Rev Dr Sam Wells, Vicar of St Martin-in-the-Fields

Phil Spector: saint or sinner? Yes, yes, he may have imprisoned some of his wives and children. He may have forced his children to perform sex acts. He may have murdered a woman he picked up at a bar. But we’ve all done it. So don’t be getting on your high horse about it all.

It’s no worse than priests who deny their faith under threat of torture and death, and their sacraments are still valid. Makes you think, eh?

6 thoughts on “Rev Dr Sam Wells, Vicar of St Martin-in-the-Fields

  1. This was finally a clear chance for a minister of the C of E to link their thought to the (still recent) IICSA enquiry. I was waiting and waiting but it never came. Instead where he could have talked about priests tortured by their unnatural sexual desires he talked about artists and Spector.
    “How then do we receive their art [religion?] when we find aspects of the artist deeply troubling? Much is made of tortured artists but little of the pain of their victims.” In the IICSA much was made of the pain of the victims but it has not been noted in this high profile three minutes of religious platitudes since the report was released.
    And then the Rev Dr goes on to explain why the church leaders allowed themselves to be deceived by telling us the story from early Christianity that allows the overlooking of evil acts because they are done by people with the holy spirit within them.
    “In North Africa in the fourth century there was a controversy about what to do with priests who had renounced their faith under persecution making them a pariah in their churches. Were their sacraments and ministries still valid? Augustine the Bishop said yes. The holy spirit could still work however unworthy the agent of grace. [He must be right, he was made a saint] It remains a challenging but liberating judgement today. It tells us we are all a mixed bag of unworthy and worthy. It affirms that it is possible for beautiful things [religion?] to come from a dubious and disreputable person. It certainly doesn’t endorse criminality or cruelty but it does enable us to disentangle artefacts of wonder and truth from an artist we don’t really know to think about. Such careful disentangling is an art in itself. It is perhaps precisely what life’s most important judgements are all about.”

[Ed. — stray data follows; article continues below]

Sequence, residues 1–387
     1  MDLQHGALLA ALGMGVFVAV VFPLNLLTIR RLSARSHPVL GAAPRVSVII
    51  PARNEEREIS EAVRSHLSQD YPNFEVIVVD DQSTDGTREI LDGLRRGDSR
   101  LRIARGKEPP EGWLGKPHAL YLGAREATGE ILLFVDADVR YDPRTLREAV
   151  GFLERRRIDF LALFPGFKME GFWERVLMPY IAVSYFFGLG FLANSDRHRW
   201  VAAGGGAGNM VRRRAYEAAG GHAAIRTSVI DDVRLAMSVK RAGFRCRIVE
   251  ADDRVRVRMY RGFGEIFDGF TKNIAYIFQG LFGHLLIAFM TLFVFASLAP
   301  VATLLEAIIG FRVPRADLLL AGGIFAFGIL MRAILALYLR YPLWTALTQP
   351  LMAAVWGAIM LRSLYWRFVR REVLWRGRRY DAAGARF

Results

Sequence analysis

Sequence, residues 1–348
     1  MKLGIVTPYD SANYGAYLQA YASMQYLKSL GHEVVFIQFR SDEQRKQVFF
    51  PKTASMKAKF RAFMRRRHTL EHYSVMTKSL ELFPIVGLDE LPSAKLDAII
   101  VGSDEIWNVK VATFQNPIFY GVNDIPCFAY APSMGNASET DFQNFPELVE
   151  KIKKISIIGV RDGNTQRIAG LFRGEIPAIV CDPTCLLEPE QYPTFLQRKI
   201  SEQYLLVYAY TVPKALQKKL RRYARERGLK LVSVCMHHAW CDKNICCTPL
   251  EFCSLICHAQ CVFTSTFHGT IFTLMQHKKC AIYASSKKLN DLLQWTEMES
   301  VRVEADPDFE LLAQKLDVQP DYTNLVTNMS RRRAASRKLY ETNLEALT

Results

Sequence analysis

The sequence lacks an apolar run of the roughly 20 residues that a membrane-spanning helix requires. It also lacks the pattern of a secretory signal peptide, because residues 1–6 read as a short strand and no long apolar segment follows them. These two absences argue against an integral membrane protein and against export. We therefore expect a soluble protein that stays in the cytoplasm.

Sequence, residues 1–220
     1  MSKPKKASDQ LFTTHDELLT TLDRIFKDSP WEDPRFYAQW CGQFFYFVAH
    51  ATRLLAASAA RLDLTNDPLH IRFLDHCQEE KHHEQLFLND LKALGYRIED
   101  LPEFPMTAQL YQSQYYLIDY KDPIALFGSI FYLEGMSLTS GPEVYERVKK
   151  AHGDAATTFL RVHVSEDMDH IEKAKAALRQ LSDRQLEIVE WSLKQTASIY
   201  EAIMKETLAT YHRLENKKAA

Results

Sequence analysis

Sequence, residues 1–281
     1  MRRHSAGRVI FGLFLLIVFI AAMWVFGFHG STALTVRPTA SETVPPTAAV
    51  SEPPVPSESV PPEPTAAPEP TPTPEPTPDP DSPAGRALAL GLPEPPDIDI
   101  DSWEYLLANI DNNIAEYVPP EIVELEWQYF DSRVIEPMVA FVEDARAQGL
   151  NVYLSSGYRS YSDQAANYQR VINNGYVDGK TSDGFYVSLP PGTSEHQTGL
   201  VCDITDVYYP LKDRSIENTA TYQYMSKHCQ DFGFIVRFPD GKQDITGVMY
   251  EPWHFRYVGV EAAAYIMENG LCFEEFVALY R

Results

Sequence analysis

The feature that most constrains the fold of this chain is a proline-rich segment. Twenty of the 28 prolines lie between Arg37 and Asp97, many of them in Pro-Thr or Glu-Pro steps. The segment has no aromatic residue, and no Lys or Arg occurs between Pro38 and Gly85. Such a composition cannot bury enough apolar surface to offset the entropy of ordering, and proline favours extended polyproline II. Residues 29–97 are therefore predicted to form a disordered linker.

Unfortunately the church leaders saw the people dispensing their religious truth as being above the law. And we can all see that there was clearly an art in the churches disentangling themselves from any lasting damage caused by the revelations.


  2. Paul’s eloquent comment nails this mendacious and cynical Thought. The passage he has highlighted is crucial, because it cuts to the heart of the churches’ child abuse scandal. Never mind the damage that has been done by abusive priests: they have been possessed by the Holy Spirit, and must be forgiven by mere mortals and allowed to go about their business.

    In his 1944 essay about Salvador Dali, George Orwell wrote: ‘If Shakespeare returned to the earth tomorrow, and if it were found that his favourite recreation was raping little girls in railway carriages, we should not tell him to go ahead with it on the grounds that he might write another King Lear’. Artists should never be forgiven their crimes for the sake of their art; and priests should not be forgiven theirs for the sake of their delusions.


  3. Jimmy Savile in a shell suit = bad.
    Jimmy Savile in a dog collar = he’s only human, consider his charity work, etc.


  4. There was altogether too much ‘us’ and ‘we’ in this, inferring culpability in Wells’ listeners. If his ‘faith perspective’ was no more than the argument for the presence of the Holy Spirit, then he needn’t have bothered. Thanks to all above who conclusively nailed it.

    Hovering behind all this – in my thoughts at least – was the oft repeated claim that ‘we are all made in the IMF’s image, male and female in his likeness.’

    Perhaps Dr Wells is the man to begin the rehabilitation of Hitler, based on his water colours.


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